You have been widely recognised for your work in polymer chemistry. What are the areas of polymer research that you would like to see more work being done?

I would like to see more work being done within the sustainability domain; some of the world’s major problems have arguably less academic interest, and so encouraging our field to seek for modern solutions to “old” problems is key. At the same time, I genuinely think that we should also be researching whatever our heart desires – after all, serendipity decides when to strike and most of the field’s most significant inventions took place with essentially no initial design or strategy.

What practical applications could your research lead to?

Potentially, some of our recycling work on “designer” polymers can be eventually applied to commercial materials.

You wrote a very practical paper, published in Angewandte Chemie International Edition, on how you secured your first ERC grant. Could you share what prompted you to write this paper?

In academia (and in life in general), we go through some darker times and yet, we rarely openly discuss such periods and share our experiences. I am a big fan of sharing. A famous polymer chemist in my field once encouraged me to continue applying for an ERC grant, and he admitted that he had been unsuccessful four times, but he persisted. I found that very inspiring. In fact, even if I had not eventually been successful with this specific grant, I would still have learned a lot from the process and become a better scientist. Alternatively, I could have recycled the idea and got funding from another source! In the future, I would also like to write an article about how I failed in something that I can no longer achieve (plenty of examples here, too), and I hope I will be able to demonstrate optimism and a forward-looking perspective as well.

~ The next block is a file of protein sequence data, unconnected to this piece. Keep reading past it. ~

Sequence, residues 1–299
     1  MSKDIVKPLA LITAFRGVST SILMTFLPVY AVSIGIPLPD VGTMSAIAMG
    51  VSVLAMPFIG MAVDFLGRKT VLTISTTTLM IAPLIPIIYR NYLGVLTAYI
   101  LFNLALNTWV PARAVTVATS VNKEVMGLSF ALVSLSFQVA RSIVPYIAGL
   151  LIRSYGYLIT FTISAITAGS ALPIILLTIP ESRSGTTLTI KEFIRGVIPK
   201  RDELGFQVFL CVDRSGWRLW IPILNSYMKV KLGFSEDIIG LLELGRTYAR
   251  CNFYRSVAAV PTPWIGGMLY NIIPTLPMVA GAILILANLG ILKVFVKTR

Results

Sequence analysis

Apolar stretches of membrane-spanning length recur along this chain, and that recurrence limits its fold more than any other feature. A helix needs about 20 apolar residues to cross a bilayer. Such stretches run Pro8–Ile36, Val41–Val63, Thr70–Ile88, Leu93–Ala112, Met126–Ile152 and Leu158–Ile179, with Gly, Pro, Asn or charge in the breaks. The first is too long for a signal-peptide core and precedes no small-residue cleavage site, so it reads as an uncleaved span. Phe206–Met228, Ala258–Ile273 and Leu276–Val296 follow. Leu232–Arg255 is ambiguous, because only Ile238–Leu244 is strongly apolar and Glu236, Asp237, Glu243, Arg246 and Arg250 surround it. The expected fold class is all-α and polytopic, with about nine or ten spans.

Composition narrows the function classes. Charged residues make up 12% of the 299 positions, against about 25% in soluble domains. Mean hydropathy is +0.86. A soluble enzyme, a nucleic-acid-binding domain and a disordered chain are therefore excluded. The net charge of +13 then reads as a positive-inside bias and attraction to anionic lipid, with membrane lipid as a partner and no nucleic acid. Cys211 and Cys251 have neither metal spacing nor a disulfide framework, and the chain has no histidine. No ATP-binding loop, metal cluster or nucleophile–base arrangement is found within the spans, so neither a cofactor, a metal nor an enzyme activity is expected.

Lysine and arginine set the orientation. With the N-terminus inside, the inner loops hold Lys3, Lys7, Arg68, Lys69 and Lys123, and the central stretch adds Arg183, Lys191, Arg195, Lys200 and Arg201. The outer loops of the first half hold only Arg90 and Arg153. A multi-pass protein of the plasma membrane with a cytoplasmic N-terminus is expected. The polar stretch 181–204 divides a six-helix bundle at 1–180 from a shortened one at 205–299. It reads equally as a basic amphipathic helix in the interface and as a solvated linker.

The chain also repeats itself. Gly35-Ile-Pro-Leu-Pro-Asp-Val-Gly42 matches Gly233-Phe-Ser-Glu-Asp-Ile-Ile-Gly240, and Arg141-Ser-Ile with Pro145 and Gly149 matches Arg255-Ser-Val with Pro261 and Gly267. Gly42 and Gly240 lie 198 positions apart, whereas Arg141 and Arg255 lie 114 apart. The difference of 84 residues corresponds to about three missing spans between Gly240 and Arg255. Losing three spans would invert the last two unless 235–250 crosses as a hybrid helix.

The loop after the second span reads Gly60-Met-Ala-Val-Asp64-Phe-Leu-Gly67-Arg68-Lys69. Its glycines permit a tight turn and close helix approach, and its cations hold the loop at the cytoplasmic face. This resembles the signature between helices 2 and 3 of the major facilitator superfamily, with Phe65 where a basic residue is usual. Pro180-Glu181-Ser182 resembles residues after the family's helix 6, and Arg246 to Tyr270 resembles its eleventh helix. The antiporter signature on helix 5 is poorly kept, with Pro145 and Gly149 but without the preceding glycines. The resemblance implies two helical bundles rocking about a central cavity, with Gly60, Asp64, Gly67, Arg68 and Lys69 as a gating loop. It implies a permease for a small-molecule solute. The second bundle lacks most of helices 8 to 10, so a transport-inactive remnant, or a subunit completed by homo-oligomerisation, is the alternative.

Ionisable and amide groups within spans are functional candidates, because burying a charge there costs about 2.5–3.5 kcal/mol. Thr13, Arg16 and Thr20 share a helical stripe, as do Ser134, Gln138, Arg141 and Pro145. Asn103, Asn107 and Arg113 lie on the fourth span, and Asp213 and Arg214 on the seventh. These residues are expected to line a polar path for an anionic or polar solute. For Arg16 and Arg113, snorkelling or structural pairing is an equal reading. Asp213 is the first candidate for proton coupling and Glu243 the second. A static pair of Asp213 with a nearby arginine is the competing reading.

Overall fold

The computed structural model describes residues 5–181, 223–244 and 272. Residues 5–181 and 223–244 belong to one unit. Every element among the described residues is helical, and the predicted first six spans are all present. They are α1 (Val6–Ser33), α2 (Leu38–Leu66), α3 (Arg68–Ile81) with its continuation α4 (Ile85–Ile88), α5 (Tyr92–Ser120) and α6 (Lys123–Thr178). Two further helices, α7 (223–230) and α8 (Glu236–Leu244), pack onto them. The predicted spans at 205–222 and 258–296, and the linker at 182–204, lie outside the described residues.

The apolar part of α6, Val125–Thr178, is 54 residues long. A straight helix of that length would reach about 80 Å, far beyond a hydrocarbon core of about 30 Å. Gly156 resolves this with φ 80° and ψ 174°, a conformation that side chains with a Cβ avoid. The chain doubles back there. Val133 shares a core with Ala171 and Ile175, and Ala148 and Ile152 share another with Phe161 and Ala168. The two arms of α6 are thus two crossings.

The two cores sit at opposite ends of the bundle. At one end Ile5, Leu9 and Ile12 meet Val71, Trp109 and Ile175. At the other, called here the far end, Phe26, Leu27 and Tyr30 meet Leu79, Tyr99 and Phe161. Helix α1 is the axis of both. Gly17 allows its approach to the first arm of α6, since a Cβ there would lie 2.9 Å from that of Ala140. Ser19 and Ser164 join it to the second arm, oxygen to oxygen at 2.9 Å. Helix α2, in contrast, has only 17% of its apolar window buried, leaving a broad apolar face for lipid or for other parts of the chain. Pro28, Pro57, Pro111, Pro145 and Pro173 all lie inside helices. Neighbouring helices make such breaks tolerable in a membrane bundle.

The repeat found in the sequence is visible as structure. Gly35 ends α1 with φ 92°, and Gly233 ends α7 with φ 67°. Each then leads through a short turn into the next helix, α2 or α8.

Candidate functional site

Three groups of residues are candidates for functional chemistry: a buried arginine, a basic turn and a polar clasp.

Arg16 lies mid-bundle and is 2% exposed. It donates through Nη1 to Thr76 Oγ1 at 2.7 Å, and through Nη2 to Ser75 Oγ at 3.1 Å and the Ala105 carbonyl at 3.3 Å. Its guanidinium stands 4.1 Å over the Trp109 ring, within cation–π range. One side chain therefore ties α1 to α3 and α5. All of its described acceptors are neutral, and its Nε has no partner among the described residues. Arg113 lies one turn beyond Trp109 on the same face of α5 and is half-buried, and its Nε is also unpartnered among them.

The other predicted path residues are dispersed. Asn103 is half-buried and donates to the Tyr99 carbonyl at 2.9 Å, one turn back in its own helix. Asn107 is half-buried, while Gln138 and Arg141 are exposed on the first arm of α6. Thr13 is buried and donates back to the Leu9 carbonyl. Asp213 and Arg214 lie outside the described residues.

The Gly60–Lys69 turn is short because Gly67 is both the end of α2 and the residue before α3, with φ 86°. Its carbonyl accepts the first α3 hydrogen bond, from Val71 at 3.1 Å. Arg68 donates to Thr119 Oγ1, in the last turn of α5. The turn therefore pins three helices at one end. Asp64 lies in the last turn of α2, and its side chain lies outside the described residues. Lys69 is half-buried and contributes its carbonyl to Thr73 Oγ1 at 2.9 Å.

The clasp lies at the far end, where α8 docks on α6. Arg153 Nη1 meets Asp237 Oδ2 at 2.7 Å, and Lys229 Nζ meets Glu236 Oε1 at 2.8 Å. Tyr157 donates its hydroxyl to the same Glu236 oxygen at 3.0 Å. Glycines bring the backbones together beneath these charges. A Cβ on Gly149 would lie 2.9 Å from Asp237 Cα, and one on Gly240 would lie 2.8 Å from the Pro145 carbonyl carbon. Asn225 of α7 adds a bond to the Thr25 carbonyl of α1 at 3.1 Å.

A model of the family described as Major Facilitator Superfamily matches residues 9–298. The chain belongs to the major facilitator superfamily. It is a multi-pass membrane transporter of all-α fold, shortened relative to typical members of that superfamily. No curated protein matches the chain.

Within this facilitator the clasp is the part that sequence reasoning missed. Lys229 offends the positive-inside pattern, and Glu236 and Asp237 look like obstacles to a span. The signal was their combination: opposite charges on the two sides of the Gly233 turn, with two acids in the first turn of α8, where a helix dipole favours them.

Read the paper: What Matters for a European Research Council (ERC) Starting Grant?

In your career to date, what do you consider your greatest achievement?

I consider it my greatest achievement that regardless of my career stage (PhD, post-doc, independent career) I always sought and managed to surround myself with not only good scientists but also extremely kind colleagues, who inspired me to be both a better scientist and a better person.

What are the next steps for your career?

While I wait for my promotion to come through, I am thinking about different directions I would like to pursue in the next five to ten years. I have not made up my mind yet but I would certainly like to take more risk in research and encourage my group to go after something truly ground-breaking, and ideally something useful.

Finally, how important is the recognition from Polymer International-IUPAC?

This Polymer International-IUPAC recognition indicates that our group is moving in the right direction. IUPAC, in particular, consists of some of the most outstanding scientists in the world who I deeply respect and admire. Thinking that these colleagues like our work makes me truly happy and proud.